Soviet pressure on Europe aims to win friends and influence US
``In a sense going to France is a way to get the French to pressure Washington. Not going to Germany is a way to get the Germans to pressure Washington.'' With this observation, one senior Western diplomat here sums up Moscow's tactics in Soviet policy toward Europe. He sees Soviet leader Mikhail Gorbachev's just-ended first official trip west -- to France -- as mixed in purpose. First, it aims to get Washington's European allies to influence United States policy in directing arms control accommodation with Moscow. If that doesn't succeed, then it aims at driving a wedge between the US and its European allies.
This in turn fits into the larger mixed motivation on the part of the Soviets in seeing if a deal is possible with the US -- but blaming Washington for the failure if it doesn't work. ``I don't think they know'' if the main aim in their current charm and arms control campaign is propaganda or negotiation, the diplomat suggests. ``I think Gorbachev is engaging in a kind of fallback diplomacy.''
He and other Western analysts here see France's vocal opposition to the US Strategic Defense Initiative (SDI, or ``star wars'') as a significant factor in Mr. Gorbachev's selection of France for his maiden trip to the West as Soviet Communist Party general secretary. Moscow would dearly love to have the Europeans persuade President Reagan to accept restraints on SDI testing and deployment in exchange for mutual deep cuts in offensive weapons. And it hopes that West Germany would participate in such lobb ying, out of Bonn's constant wish for as much d'etente as possible, especially as a lubricant to better East German-West German relations.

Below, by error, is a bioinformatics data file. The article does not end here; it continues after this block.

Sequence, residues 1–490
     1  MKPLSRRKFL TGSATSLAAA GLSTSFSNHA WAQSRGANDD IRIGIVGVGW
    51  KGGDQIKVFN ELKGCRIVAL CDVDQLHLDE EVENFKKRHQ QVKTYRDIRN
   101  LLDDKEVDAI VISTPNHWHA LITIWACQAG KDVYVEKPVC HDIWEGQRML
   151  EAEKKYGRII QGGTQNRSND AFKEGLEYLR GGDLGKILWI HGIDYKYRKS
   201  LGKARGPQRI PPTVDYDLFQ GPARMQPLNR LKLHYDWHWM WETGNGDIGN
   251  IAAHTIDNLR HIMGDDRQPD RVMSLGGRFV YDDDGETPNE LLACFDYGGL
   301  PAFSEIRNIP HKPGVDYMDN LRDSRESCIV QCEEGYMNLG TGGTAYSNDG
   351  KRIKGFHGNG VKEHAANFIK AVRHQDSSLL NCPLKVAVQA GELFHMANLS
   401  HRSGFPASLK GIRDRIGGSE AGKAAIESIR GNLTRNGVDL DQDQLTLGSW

Ironically, while Europeans incline to favor SDI restraints on the basis of their own analysis, the conspicuous Soviet pressure makes it more difficult for them to lobby the Americans for such a course.
Certainly Moscow's bid to negotiate separately with the British and the French about reducing their independent nuclear missiles drives no wedges between the US and Europe. Mr. Reagan has said he has nothing against such talks -- while Paris has declined such bilateral negotiations and London has put off negotiations until such time as the superpowers have first reduced their huge arsenals.